We visited the ramparts, took steps down into the walls to see stonewalled rooms, barracks, stables, and kitchens, which are always our favorite rooms in historical buildings. We checked out the view through the mountains and down over the town and finished off with a glass of water and orangina. Still no George or Harrison in sight.  So it was time to go back down to the town and head off to the hotel. And the way down was by staircase – all 734 steps underground! Standing at the top looking down was like looking into a tunnel, with no light at the end. There were lights along the side of the staircase and a railing, which was going to prove very useful, as the steps were slick with wear and totally uneven. We set off at a steady pace and as we descended, the tunnel made some twists and turns, just to keep us on our toes! I could only imagine what this would have been like in the 17th century. The staircase was used as access to the garrison by soldiers, by those who served the garrison like cooks, servants and lackeys. I imagined the frustration of any one of those servants as they climbed to the top, only to realize they had forgotten something crucial for their masters! This was also an escape from the town to the garrison, and it would have been terrible to have to run for your life up the stairs, the flaming torches being your only light, and the smell of fear and death following you. I was happy when we finally arrived at the bottom, legs feeling like jelly, and we headed to the car to make our way to the B&B we had booked in Prades.

The hotel was in a busy street, but we were lucky enough to park opposite the front door. We rang the bell, the door being locked, and waited. No-one came so I rang again and knocked on the door. A frowning lady opened it and seemed annoyed at my banging on the door, but once she realized we were guests she greeted us and showed us to our room, which was on the top floor! More steps, this time wooden, and by the time we reached the room, four flights up, my legs were like melted jelly. It was a nice room, and bathroom, with two large windows overlooking the pretty garden, and patio, with a small swimming pool at the far end. Several cats were slinking their way around the bushes, chasing after lizards and such, with a couple chasing each other through the many fruit trees in the garden. The landlady explained the protocol for breakfast, but there was no dinner being served so we would have to go out for that. We rested, changed before heading out into the town for dinner. We found several restaurants around the local square, where children were playing ball, cycling, and where people were meeting for a friendly chat. We had a nice meal and wandered back to the hotel ready for our bed. We slept soundly, for the most part. However, one of the cats had an amazingly loud meow .. it sounded just like a baby crying, and several times in the night we were woken up by him.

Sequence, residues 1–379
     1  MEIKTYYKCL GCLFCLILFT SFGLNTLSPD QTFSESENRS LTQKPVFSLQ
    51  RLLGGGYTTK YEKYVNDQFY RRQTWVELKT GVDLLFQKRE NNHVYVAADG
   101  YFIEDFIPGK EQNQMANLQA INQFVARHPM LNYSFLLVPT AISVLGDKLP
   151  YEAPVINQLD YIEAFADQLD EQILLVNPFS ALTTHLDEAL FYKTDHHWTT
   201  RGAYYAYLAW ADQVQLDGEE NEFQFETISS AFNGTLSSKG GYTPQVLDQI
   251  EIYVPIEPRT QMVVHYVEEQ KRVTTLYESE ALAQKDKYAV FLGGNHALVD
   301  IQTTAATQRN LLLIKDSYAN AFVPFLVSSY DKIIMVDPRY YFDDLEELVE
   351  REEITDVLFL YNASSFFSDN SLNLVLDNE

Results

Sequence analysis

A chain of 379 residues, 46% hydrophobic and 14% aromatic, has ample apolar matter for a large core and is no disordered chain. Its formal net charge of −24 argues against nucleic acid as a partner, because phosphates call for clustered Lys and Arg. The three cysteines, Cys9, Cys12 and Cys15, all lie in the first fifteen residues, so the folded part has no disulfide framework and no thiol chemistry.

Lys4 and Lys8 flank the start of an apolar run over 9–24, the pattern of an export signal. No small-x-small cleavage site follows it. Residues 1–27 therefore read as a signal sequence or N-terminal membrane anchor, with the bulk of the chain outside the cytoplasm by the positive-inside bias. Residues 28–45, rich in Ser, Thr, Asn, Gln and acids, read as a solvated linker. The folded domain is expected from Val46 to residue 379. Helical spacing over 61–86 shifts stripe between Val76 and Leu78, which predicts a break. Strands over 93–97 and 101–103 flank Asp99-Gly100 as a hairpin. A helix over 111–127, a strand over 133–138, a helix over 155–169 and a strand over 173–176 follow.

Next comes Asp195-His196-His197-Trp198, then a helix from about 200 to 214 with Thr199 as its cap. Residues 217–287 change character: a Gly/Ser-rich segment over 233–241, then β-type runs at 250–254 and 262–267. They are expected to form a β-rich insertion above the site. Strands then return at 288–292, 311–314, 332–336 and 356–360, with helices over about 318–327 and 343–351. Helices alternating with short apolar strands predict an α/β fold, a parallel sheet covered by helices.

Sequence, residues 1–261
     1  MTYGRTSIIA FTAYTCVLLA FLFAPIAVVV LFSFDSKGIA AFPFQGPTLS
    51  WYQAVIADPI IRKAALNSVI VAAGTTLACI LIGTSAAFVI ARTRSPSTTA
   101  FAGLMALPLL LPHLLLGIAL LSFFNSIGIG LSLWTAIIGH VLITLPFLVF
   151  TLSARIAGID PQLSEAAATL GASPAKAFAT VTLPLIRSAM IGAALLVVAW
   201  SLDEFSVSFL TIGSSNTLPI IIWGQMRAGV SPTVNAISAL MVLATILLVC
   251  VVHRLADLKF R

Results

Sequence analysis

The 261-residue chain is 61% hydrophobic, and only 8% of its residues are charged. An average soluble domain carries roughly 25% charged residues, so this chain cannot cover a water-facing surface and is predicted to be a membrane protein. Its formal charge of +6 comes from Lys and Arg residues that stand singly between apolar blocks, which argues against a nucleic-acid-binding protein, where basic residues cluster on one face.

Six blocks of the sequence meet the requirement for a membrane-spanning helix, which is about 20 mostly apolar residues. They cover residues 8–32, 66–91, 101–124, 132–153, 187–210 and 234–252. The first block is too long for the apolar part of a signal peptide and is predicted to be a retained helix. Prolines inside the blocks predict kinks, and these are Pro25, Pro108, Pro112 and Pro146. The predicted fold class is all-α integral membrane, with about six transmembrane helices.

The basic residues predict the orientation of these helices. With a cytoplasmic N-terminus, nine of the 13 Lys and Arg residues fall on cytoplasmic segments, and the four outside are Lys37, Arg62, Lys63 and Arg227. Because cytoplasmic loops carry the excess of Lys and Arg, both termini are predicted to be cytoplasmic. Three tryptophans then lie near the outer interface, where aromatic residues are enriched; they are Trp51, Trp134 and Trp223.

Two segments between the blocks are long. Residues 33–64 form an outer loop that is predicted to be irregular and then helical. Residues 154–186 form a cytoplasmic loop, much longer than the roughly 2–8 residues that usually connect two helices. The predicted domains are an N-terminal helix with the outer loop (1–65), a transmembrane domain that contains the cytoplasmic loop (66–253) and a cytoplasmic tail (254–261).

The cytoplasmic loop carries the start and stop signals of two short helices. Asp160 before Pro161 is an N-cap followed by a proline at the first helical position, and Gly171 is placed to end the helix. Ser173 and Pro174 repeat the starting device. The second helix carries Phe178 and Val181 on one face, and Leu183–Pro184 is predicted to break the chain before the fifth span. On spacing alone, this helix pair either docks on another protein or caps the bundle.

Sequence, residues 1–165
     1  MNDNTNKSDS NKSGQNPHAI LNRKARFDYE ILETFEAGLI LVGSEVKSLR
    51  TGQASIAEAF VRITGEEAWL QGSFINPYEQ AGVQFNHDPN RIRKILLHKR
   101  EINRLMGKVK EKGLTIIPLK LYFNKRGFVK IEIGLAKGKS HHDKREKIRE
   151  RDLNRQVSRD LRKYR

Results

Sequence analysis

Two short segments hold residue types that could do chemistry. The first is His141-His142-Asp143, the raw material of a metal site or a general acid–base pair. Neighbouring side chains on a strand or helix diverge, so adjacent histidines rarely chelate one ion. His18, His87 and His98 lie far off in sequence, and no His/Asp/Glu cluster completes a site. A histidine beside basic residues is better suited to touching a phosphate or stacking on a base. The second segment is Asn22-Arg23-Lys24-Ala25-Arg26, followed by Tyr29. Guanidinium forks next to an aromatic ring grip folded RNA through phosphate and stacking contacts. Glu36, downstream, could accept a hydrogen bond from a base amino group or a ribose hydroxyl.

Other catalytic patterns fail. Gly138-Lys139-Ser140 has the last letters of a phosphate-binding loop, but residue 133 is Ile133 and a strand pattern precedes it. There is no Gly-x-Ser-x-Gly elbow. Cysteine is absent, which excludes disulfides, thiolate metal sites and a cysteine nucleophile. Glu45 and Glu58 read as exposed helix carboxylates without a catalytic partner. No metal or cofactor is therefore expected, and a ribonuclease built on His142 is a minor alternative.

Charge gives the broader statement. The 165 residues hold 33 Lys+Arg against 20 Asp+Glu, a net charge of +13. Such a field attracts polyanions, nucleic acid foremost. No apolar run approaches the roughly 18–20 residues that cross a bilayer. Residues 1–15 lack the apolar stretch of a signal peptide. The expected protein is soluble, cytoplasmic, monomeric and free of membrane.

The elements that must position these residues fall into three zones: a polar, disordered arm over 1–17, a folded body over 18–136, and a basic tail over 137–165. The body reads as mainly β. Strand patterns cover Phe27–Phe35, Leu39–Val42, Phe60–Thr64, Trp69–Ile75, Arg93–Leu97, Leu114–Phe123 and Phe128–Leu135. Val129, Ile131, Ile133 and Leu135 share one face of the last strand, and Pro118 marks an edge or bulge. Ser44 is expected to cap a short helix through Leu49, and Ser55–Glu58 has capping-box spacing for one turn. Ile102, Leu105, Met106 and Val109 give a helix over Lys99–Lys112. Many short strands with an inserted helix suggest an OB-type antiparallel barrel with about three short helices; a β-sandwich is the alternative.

We woke to a beautiful blue sky the next morning, prepared ourselves for our trip on the little yellow train and waited until it was time to go down for breakfast at 8 am. We looked out the window and saw almost all the tables on the patio taken with other guests waiting for their breakfast, so we headed down, although it was only 7.45am, knowing that we had to be at the station at 9.30am. Breakfast consisted of a large basket of bread, rolls, croissants and pastries, with a plate of ham and cheese, a dish of yogurt, plate of fruit, freshly squeezed orange juice and coffee – delicious! The other guests comprised of 3 couples who were Spanish, another French couple and a young single guy. We all said our pleasantries and enjoyed the meal in the garden, along with the noisy cat and his not so friendly  neighbors.

Checking we had cameras, hats, sunglasses and sunscreen we headed out to catch the train. We needed to be there early to ensure that we could get an outside carriage seat, but we need not have worried as we were the first there and duly sat at the front of the line. Within about 10 minutes a coach party arrived and after that a constant stream of people lined up behind us, with one or two managing somehow to get in front of us. Still, we did get a seat in an outside carriage, and were glad that we had made the effort to arrive early. We headed off up the mountain, the little yellow train chugging and hooting it’s way, with whistles and bells sounding at every turn. We climbed the slopes and rushed down the valleys, the majestic peaks high above us. We stopped at several small stations to let people on and off, and crossed viaducts, suspension bridges, crisscrossing the valley over the river and road below us. The scenery was stunning, and we climbed higher and higher until we reached our destination of Font-Romeu-Odeillo-Via.